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Components of an Information System

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Components of an Information System


Unit I Scholarly Activity

Components of an Information System In this one- to two-page (250-500 word) paper, you will discuss each of the different components of an information system, and then explain how you can use the five-component model to guide your learning and thinking about information systems. You may use the Unit Lesson, Chapter Readings, Suggested Readings, Learning Activities, and outside resources to aid in your research. Include the following in your paper: Define each component of an information system. Define how you can use the five-component model to guide your learning and thinking about information systems. Include at least one outside research item in your paper. Use APA format and cite your sources. APA rules for formatting, quoting, paraphrasing, citing, and listing of sources are to be followed.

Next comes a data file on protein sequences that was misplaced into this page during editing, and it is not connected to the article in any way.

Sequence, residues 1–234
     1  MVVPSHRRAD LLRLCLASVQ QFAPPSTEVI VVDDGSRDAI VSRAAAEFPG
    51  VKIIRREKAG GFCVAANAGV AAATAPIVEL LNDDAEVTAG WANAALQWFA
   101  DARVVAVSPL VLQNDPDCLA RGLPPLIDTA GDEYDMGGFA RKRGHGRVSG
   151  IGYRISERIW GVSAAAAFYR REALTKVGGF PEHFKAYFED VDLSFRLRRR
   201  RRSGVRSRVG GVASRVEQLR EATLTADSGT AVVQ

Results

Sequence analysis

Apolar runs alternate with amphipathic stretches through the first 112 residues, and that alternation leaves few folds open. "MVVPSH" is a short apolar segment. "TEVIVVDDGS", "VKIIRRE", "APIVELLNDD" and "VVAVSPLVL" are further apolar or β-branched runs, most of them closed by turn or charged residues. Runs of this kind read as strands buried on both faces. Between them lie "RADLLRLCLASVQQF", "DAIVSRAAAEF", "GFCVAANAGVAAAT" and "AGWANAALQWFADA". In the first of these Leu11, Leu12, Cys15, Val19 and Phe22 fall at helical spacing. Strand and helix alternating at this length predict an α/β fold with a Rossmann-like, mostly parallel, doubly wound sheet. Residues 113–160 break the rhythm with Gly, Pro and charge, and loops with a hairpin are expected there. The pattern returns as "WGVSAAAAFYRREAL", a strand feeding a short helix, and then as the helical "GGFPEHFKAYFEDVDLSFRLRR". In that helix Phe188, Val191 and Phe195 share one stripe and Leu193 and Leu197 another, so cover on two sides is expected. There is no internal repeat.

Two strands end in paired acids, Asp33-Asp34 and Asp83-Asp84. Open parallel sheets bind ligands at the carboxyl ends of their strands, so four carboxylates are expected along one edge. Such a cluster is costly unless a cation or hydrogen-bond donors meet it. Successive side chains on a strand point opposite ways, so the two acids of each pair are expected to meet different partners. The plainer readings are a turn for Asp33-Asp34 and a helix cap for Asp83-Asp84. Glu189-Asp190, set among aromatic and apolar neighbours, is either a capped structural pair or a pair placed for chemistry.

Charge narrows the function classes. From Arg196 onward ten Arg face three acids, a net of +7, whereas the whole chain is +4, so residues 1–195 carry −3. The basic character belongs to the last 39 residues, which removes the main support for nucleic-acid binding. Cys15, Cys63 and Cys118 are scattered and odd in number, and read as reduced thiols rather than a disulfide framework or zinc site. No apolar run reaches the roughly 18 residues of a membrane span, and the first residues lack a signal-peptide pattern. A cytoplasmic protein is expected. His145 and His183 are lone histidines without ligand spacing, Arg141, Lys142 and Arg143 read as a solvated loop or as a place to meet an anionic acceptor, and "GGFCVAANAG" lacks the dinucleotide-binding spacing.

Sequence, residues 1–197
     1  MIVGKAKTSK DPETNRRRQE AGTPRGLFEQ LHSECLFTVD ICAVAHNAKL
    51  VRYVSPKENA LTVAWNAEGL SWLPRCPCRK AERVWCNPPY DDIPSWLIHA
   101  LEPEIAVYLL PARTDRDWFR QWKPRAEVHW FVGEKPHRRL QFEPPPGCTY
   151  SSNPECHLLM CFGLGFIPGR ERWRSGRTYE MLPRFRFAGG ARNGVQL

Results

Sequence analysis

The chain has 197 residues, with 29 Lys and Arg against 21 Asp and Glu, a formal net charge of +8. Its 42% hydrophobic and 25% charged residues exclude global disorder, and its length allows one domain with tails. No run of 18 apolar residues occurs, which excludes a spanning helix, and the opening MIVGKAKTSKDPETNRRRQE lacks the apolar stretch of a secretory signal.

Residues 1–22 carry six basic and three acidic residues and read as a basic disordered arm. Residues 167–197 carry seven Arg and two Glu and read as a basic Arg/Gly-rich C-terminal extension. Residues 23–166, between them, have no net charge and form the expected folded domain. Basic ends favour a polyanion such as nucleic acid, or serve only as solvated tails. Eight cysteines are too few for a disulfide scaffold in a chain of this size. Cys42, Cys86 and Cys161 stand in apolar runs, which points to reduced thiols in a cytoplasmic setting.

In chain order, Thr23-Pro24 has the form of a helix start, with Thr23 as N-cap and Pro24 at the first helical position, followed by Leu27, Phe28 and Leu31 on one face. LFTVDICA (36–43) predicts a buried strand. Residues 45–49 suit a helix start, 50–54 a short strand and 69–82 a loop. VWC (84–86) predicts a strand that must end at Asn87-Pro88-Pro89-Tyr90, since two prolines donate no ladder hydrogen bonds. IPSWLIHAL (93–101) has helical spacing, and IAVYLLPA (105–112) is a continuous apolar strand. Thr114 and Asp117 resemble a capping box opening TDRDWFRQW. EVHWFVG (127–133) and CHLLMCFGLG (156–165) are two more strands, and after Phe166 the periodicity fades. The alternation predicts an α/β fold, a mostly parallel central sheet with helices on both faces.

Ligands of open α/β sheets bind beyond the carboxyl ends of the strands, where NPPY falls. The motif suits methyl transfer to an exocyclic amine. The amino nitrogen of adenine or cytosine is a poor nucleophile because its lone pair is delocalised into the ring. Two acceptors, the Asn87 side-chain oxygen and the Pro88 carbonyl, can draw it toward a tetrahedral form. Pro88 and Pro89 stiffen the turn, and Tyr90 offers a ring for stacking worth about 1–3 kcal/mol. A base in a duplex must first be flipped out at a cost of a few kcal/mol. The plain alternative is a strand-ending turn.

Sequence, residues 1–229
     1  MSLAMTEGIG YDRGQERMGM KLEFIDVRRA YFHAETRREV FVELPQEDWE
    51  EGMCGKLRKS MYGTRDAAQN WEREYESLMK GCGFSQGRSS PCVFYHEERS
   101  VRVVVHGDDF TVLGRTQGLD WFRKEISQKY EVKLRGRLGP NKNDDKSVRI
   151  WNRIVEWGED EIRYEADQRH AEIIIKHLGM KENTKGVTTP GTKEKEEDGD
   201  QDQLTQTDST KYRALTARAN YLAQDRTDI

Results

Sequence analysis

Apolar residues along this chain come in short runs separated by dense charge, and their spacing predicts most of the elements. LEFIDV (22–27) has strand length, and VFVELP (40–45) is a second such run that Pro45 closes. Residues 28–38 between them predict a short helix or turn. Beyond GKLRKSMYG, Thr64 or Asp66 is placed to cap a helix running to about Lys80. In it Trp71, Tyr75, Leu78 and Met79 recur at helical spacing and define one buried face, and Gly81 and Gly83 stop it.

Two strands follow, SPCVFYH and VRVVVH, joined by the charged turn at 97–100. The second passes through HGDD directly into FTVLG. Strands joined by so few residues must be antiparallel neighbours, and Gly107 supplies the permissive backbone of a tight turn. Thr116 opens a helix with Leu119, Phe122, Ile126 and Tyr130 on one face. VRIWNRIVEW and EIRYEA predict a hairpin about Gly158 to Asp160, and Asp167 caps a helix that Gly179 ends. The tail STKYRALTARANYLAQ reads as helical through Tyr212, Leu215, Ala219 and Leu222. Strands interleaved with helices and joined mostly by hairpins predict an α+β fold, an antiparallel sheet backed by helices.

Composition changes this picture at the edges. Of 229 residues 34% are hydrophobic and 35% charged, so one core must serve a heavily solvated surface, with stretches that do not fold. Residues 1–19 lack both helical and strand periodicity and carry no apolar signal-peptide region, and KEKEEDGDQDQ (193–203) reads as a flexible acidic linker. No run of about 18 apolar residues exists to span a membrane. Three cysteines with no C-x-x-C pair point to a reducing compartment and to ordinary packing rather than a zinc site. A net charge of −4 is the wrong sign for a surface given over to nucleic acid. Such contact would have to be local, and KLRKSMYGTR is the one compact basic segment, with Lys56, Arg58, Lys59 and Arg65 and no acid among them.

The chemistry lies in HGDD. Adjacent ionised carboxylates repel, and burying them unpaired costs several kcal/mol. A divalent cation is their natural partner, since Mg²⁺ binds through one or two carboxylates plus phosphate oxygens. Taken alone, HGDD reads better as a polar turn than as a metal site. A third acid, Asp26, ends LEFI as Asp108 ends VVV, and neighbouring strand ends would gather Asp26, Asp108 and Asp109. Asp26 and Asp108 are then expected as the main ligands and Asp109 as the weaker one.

Course Textbook

Kroenke, D. (2015). Using MIS 2014 (7th ed.). Upper Saddle River, NJ: Prentice Hall

Study Guide Unit 1